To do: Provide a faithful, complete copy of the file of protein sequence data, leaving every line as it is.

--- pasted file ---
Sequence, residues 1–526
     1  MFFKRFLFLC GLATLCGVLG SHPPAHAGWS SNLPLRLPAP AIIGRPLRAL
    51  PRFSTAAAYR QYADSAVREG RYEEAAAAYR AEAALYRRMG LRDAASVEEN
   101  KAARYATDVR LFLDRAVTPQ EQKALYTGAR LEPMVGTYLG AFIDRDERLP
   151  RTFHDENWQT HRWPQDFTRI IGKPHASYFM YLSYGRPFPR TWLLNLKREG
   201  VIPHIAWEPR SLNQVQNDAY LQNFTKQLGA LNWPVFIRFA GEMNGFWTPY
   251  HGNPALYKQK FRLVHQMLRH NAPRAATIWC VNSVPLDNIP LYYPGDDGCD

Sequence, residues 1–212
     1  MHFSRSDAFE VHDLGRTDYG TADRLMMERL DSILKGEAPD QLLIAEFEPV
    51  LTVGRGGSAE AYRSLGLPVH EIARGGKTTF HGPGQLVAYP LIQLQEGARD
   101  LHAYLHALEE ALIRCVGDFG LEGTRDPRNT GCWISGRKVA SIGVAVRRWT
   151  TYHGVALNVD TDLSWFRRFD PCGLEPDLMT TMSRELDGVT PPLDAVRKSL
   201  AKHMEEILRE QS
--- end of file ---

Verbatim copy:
Sequence, residues 1–526
     1  MFFKRFLFLC GLATLCGVLG SHPPAHAGWS SNLPLRLPAP AIIGRPLRAL
    51  PRFSTAAAYR QYADSAVREG RYEEAAAAYR AEAALYRRMG LRDAASVEEN
   101  KAARYATDVR LFLDRAVTPQ EQKALYTGAR LEPMVGTYLG AFIDRDERLP
   151  RTFHDENWQT HRWPQDFTRI IGKPHASYFM YLSYGRPFPR TWLLNLKREG
   201  VIPHIAWEPR SLNQVQNDAY LQNFTKQLGA LNWPVFIRFA GEMNGFWTPY
   251  HGNPALYKQK FRLVHQMLRH NAPRAATIWC VNSVPLDNIP LYYPGDDGCD

Sequence, residues 1–212
     1  MHFSRSDAFE VHDLGRTDYG TADRLMMERL DSILKGEAPD QLLIAEFEPV
    51  LTVGRGGSAE AYRSLGLPVH EIARGGKTTF HGPGQLVAYP LIQLQEGARD
   101  LHAYLHALEE ALIRCVGDFG LEGTRDPRNT GCWISGRKVA SIGVAVRRWT
   151  TYHGVALNVD TDLSWFRRFD PCGLEPDLMT TMSRELDGVT PPLDAVRKSL
   201  AKHMEEILRE QS